He refers to Lenin, who thought that anarchists and individualist bohemians were merely bourgeois exploiters in disguise. This probably accounts for the continued suspicion of artists trying to make money and run a creative business.
There’s a reason why the petty-bourgeoisie shopkeeper types are hated by the rich exploiters and the Marxist revolutionaries alike: they don’t follow the crowd. They are loners, they hate ideologies and have no interest in joining anyone’s club. This kind of independent thinker is what Hodgkinson is trying to persuade us to become.
The point of bohemianism is to live a free, creative and self-determined life, and we can only do that if we, ironically, are prepared to put the work in. Idling is not about being lazy, it’s about being truly yourself.
‘Your business is a way of communicating an idea and creating a living for a group of people. It is a shared endeavour, a collective enterprise. Therefore, it must provide freedom and fun for the people you work with, as well as for you. After all, what is the point of it? If you just want to make money, then don’t start a business. Go and work for some awful money-making machine and wallow in your own amoral wretchedness. Join a corporation, climb the ladder and enjoy paid holidays and multiple departments.’
The fundamental point of this book is to show you the basic, unavoidable aspects of business that you must force yourself to love, before you can carve out time to live the Good Life. We must become practical in order to become creative. We must become disciplined, in order to be free.
Those who reject this call to arms as a kind of ‘selling out’ are in fact tacitly standing for the values of wage slavery and exploitation. They are basically admitting that the only people who can afford to be free and creative are those with established wealth.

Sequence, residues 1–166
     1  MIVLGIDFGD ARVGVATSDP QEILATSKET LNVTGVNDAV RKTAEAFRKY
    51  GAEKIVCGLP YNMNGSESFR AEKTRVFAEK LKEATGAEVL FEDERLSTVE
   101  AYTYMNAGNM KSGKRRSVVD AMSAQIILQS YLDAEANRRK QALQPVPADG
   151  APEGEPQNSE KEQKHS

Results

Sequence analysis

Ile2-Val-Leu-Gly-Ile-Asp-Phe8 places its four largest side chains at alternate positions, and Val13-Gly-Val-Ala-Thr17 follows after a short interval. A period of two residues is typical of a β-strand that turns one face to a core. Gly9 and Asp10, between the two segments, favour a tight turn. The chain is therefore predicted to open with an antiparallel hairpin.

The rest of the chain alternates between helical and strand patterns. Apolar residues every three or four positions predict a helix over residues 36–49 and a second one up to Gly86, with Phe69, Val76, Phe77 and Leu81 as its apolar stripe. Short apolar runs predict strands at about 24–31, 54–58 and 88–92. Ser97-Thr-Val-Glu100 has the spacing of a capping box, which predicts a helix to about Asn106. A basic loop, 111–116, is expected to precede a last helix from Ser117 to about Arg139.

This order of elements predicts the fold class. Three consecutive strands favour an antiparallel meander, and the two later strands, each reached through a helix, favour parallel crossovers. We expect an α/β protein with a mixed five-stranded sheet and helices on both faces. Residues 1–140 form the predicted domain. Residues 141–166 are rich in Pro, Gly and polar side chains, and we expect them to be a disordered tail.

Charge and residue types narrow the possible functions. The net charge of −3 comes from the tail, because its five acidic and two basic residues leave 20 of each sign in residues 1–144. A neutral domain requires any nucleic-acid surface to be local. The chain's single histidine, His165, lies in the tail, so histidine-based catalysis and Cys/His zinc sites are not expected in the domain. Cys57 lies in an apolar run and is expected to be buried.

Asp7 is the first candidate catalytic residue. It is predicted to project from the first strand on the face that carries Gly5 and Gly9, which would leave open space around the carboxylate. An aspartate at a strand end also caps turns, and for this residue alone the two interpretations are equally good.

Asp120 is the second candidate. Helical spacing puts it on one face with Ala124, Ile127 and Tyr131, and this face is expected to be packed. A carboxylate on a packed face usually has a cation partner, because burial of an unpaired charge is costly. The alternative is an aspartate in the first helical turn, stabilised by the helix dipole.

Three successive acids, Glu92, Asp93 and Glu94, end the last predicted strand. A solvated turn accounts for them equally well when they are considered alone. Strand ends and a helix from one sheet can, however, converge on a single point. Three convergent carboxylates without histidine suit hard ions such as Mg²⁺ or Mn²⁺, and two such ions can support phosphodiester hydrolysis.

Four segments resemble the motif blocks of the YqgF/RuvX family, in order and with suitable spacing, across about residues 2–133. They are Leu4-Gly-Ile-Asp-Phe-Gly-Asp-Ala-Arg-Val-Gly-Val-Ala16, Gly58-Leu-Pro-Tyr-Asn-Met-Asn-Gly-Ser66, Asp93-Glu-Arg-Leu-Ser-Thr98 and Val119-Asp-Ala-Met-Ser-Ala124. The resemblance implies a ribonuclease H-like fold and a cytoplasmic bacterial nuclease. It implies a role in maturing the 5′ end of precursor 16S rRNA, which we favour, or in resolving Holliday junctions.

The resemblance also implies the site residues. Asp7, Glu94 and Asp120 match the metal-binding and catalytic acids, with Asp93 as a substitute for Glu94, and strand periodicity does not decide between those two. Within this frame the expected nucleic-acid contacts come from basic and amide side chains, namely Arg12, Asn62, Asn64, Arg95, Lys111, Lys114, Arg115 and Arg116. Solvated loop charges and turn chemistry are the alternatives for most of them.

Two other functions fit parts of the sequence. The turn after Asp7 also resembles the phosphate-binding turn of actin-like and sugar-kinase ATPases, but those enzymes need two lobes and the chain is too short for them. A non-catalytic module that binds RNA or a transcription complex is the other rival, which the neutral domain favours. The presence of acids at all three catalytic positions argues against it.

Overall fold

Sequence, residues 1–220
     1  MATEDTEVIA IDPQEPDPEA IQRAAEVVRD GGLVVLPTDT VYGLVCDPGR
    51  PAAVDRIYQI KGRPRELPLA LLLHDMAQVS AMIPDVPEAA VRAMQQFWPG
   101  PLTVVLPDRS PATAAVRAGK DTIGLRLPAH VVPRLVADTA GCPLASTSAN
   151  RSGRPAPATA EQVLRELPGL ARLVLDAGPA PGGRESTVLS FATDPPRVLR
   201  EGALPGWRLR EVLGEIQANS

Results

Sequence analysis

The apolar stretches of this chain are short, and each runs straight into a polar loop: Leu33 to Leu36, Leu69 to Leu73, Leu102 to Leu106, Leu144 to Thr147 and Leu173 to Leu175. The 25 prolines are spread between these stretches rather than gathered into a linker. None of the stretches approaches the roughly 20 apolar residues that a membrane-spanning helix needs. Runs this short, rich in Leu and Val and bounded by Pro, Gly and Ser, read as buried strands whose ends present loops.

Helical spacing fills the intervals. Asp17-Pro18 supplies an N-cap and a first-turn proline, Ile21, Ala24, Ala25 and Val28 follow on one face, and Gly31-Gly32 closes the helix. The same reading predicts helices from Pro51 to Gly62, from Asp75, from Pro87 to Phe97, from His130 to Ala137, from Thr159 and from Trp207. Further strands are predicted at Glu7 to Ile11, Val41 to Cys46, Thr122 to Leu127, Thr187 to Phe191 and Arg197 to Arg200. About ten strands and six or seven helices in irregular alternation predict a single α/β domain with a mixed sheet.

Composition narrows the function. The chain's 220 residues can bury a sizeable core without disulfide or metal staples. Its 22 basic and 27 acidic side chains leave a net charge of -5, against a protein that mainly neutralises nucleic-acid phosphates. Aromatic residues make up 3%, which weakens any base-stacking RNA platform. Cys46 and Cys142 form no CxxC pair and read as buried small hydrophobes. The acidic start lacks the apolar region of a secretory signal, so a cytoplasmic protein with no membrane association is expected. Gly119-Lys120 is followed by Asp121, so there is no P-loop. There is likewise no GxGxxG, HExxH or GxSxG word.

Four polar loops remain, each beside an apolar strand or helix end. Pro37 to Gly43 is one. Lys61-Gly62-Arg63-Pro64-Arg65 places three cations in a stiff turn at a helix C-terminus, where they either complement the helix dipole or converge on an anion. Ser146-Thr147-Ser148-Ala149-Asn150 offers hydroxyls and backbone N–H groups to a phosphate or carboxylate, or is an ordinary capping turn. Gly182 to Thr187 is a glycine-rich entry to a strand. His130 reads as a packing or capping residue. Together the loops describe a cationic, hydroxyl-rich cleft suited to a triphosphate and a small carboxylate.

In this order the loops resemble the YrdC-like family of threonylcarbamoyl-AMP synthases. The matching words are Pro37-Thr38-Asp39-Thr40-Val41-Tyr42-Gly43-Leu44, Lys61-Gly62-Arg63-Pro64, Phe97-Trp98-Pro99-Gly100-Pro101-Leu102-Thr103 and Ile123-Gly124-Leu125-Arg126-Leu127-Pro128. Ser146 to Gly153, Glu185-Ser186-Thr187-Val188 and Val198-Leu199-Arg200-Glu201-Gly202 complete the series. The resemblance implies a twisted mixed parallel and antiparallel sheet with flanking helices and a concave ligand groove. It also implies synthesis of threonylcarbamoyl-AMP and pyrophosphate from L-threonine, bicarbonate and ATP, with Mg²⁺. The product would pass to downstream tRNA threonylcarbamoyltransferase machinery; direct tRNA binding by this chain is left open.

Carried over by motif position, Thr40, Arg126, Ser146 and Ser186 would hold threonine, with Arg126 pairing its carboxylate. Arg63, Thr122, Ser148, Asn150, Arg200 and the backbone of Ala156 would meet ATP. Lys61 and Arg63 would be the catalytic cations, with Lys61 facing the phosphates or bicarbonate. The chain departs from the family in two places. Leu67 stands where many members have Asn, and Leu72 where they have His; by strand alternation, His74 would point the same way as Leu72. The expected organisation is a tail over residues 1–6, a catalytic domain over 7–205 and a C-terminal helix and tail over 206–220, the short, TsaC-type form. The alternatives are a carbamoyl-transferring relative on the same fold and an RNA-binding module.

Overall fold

‘It would be easy to grumble about all of this [becoming a creative entrepreneur] – to think that it is all beneath you. But this aristocratic contempt of the lowly tradesman will get you nowhere. And aristocratic contempt for trade is itself absurd. For the aristos, whose ancestors were royal lickspittles, murderers, thieves and rascals, to look down on those who choose to open a shop and sell stuff is patently ridiculous. It’s all right for the aristos to be anti-materialistic and scorn trade when own 20,000 acres and have a ton of serfs paying them rent every month. Does that give them the moral high ground? No.’
Hodgkinson’s point is that the creative life is available to us all, if we simply master a few basic tricks of the trade. You don’t have to declare ‘war on money’ to become free. You don’t have to avoid business to salvage your values from the corporate monster of modern life. You just have to be smart, knowledgeable and willing to do some heavy lifting in order to liberate yourself from agendas that are not your own.
You can order a copy of Business for Bohemians at idler.co.uk
A new online course is now available, with Tom Hodgkinson guiding you through the main principles outlined in the book. You can book your place here